North Carolina Era 7: New South – 1876 - 1900: Subscription Schools in Western North Carolina Lesson Plan
LESSON: Subscription Schools in Western North Carolina
UNIT: Era Seven – New South – 1876 - 1900
- The learner will analyze two primary source documents.
- The learner will gain an understanding of the use of subscription schools in Western North Carolina.
- LEARNING TARGET: I can explain how subscription schools served the needs of families in the 19th century.
- Time needed: 20 minutes
- Materials/Equipment: Copies of the original document (and transcription) from 1876 and the transcription from 1877 for pairs of students.
- Ask students what a ‘subscription school’ was. Many will be able to guess simply from the name. [a short term school in which parents paid for their students to
- Give each pair of students’ copies of the subscription school from 1876 and 1877 and have them read through them
- Ask the following questions:
- When and where was each written? [November 14, 1876 and March 1, 1877, both in Madison County, NC.]
- What levels would be taught in the schools? How would we differentiate between those levels today? [Primary, Intermediate, Upper level – generally, elementary, middle and high school levels]
- How much would each level cost? How was payment accepted other than cash (specie)? [$1.00, $1.25, $1.50 per month; could barter with produce at market price]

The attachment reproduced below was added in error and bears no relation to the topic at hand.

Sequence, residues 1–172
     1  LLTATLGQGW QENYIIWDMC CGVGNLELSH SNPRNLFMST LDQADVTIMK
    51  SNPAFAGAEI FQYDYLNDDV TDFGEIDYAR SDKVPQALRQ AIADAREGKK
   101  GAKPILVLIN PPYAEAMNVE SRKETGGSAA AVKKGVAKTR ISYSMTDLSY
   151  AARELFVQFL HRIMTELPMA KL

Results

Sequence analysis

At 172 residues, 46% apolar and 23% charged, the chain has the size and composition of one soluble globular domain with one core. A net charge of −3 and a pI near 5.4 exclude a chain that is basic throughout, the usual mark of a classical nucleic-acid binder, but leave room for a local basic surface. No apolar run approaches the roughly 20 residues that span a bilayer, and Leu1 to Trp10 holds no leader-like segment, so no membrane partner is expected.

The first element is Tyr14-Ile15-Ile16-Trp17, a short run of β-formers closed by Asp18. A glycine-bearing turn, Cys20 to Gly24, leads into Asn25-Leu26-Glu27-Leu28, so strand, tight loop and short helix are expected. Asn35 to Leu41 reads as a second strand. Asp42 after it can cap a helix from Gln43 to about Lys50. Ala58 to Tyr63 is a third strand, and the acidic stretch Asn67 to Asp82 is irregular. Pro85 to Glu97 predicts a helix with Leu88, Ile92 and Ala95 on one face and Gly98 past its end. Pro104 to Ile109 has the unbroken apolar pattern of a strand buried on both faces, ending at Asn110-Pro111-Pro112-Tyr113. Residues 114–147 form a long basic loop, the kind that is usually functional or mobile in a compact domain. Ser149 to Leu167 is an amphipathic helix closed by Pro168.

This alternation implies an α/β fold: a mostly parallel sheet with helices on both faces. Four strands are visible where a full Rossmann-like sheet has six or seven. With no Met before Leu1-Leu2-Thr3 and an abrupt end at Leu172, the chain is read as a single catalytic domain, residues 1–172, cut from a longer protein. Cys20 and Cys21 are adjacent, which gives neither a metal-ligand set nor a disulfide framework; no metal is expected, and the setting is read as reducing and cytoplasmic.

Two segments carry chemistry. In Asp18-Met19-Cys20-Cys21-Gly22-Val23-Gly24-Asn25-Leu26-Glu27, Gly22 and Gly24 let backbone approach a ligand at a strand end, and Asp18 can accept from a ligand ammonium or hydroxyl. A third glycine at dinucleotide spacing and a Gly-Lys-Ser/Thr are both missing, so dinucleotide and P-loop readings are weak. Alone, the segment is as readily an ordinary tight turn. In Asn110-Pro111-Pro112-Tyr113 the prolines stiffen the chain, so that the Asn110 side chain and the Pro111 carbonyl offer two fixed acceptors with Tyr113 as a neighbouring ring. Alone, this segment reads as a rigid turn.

- How many students were enrolled in the winter session? The spring session? Why might this be? [winter – 31 ½ ; spring – 11 ½. This could
simply be that children were needed for farm work. Some students may indicate that some parents were not satisfied with the work in the winter
- What might be a ½ student? [this could be for attending ½ of the time or it could be for ½ of the courses available]
- What do you believe would be the effect of these schools? Was this a reliable form of income for the teachers? [answers will vary]
- Why do you believe that regions needed to have subscription schools? [students may recognize that schooling was uneven during the time of reconstruction – some places had free public schools and other did not. In some areas the only public schools were primary schools.]
- Assessment will be from class participation and discussion.
- The J. B. Lunsford in these documents is the father of Bascom Lamar Lunsford.
- Southern Appalachian Archives – Lunsford Collection
- According to From These Stones: Mars Hill College First Hundred Years by John Angus McLeod page 99
“The figures following the names of the subscribers represent the number of pupils they agreed to send and/or support. For example, one subscribing one-half pupil was entitled to send one pupil half time. A subscriber paying for one pupil might send three pupils one-third time each. Sometimes in these subscription schools a man with a large family might subscribe one pupil and send a number of his children to the school at